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Letter from Vincent van Gogh to Theo van Gogh
Nuenen, c. 7 August 1885

Dear Theo,

The thing in our conversation that makes me utterly disconsolate was that, when I said I was afraid that you would have a hard nut to crack during the current year, you answered that “you had observed I should like to see this happen, that you see quite clearly that you cannot count on me, and that you know all right that I shall reward you with stinking ingratitude.” This is not true, and I am disconsolate that you see it that way.

Let me give you this hint: don't consider this painting business of mine a burden, and don't treat it in a stepmotherly way, because it may prove to be a little lifeboat when the big ship is wrecked. My hint is now, and will be in the future: Let's try and keep the little boat trim and seaworthy, whether the tempest comes, or my uneasiness proves unfounded. At present I am a tiny vessel which you have in tow, and which at times will seem to you so much ballast. But this - I mean the ballast - you may leave behind by cutting the towrope, if you like…But I, who am the skipper of my tiny vessel, ask in this case that - far from having the towrope cut - that my little boat be kept trim and well provisioned, in order that I may do better service in times of need.

If you doubt the good faith of this request, then the only thing for me to do is to repeat it even more urgently. For I perceive that in the matter of my colour bill my little vessel is leaking here and there. However, I am trying to stop these leaks to the best of my ability, and I have not lost my self-command yet. Neither am I desperate. But considering that both of us may be overtaken by the same tempest, I am speaking concretely and, as far as I can see, in our mutual interest.

I can summarize your answer to my question thus: it may be that there will be a tempest, but even in that case don't count on repairs or provisions, and bear in mind that under the pressure of certain circumstances I may feel obliged to cut the towrope.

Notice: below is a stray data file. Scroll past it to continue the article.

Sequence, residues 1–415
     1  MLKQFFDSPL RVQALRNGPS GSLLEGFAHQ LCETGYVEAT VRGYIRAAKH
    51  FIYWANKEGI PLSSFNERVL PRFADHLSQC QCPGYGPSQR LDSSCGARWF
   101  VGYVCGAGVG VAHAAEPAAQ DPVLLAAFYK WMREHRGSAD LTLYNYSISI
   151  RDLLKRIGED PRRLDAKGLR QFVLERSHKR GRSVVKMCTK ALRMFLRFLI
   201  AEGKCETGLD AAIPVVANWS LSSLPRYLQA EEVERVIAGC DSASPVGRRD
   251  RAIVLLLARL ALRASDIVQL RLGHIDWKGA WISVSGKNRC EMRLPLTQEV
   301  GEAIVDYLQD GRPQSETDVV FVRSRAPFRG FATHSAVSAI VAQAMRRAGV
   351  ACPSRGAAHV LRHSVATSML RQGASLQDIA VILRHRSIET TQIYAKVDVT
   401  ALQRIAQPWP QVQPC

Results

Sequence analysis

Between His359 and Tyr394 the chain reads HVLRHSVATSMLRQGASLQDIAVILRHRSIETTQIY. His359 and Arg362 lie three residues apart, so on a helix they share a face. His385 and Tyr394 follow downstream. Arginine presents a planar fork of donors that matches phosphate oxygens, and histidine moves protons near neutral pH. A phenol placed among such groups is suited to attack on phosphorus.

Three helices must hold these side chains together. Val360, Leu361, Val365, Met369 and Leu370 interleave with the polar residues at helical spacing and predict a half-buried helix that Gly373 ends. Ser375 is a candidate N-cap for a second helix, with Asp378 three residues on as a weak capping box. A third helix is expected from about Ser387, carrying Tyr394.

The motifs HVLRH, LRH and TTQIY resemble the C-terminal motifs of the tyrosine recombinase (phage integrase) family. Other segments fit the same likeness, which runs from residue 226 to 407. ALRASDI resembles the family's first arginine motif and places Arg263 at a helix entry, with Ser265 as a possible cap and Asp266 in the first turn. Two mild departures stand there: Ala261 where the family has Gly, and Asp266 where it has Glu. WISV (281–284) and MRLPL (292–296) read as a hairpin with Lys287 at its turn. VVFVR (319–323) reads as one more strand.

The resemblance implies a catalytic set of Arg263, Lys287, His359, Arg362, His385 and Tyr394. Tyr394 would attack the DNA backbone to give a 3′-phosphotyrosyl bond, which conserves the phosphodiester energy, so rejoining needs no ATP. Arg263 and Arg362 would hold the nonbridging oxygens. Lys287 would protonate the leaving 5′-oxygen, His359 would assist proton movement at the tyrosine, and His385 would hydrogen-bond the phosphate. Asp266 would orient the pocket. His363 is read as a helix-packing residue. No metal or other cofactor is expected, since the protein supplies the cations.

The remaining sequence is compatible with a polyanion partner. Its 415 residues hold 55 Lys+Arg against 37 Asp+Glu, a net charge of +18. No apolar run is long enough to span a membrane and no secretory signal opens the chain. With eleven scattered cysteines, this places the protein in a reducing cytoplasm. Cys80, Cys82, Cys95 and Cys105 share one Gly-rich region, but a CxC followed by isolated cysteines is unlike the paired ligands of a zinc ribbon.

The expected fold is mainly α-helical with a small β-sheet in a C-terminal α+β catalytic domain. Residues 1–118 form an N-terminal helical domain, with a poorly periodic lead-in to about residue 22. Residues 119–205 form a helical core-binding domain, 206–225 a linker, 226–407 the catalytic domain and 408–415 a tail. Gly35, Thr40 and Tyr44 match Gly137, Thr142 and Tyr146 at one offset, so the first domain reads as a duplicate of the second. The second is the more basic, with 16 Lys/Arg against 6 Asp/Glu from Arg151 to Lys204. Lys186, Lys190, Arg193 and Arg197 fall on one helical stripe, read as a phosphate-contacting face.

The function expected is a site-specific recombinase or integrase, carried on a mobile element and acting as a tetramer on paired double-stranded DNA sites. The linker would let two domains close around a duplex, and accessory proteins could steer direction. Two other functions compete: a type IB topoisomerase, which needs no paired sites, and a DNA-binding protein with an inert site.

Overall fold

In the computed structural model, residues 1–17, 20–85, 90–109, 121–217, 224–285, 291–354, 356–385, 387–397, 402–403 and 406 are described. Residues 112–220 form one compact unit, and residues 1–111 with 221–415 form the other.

This answer I must accept, but only as long as it is not aggravated by doubting my good faith.

However, with this letter I cry out to you once more that my request for reinforcement may prove to be in both our interests, and I do not make it out of selfishness, as you suppose. That in case of a tempest, I shall be willing, and perhaps able, to be of some use and service to you, but that this will be impossible if my own vessel is swamped (a thing I try to prevent) before the critical moment. This, however, is a thing I seek to stave off myself, but I should not cry out to you without necessity. I am not afraid in the midst of danger either, but I try to be ready at the moment of distress.

It may be that you don't think it reasonable of me to insist on my - and I should much prefer to say our - little painting business becoming the centre of a larger business which we might undertake together later on; but I for my part persist in claiming that something will and shall come of it, if only we remain sufficiently united.

If I haven't the same ideas as you, don't suspect me of bad faith or of evil intentions, either toward you or toward those at home.

And to you I speak, and I shall go on speaking, as one person dealing in pictures to another person dealing in pictures, and I will not trespass on the other territory.

And the question I started discussing with you is that however great the depression may be, and however much trouble we shall have to take, we must try energetically to push forward the little painting business that belongs to you as much as to me.

I say it may be a lifeboat which may be of use to you in the tempest, although I don't wish for this tempest any more than you can wish for it.

Goodbye.

Ever yours, Vincent


At this time, Vincent was 32 year old
Source:
Vincent van Gogh. Letter to Theo van Gogh. Written c. 7 August 1885 in Nuenen. Translated by Mrs. Johanna van Gogh-Bonger, edited by Robert Harrison, number .
URL: http://webexhibits.org/vangogh/letter/15/419b.htm.

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